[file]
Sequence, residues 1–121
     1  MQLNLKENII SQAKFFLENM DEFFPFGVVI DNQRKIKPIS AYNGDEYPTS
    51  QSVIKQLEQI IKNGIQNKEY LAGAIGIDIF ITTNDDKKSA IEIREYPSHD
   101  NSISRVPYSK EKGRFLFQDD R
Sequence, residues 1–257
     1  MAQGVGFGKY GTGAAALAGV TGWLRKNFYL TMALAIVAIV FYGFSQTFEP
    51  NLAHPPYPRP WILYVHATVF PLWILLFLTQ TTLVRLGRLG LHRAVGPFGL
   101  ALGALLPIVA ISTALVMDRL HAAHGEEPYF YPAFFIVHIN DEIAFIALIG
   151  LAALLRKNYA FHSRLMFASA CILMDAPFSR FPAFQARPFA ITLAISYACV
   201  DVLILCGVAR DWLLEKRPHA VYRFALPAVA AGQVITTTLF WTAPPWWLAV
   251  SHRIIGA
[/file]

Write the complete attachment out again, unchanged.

Sequence, residues 1–121
     1  MQLNLKENII SQAKFFLENM DEFFPFGVVI DNQRKIKPIS AYNGDEYPTS
    51  QSVIKQLEQI IKNGIQNKEY LAGAIGIDIF ITTNDDKKSA IEIREYPSHD
   101  NSISRVPYSK EKGRFLFQDD R
Sequence, residues 1–257
     1  MAQGVGFGKY GTGAAALAGV TGWLRKNFYL TMALAIVAIV FYGFSQTFEP
    51  NLAHPPYPRP WILYVHATVF PLWILLFLTQ TTLVRLGRLG LHRAVGPFGL
   101  ALGALLPIVA ISTALVMDRL HAAHGEEPYF YPAFFIVHIN DEIAFIALIG
   151  LAALLRKNYA FHSRLMFASA CILMDAPFSR FPAFQARPFA ITLAISYACV
   201  DVLILCGVAR DWLLEKRPHA VYRFALPAVA AGQVITTTLF WTAPPWWLAV
   251  SHRIIGA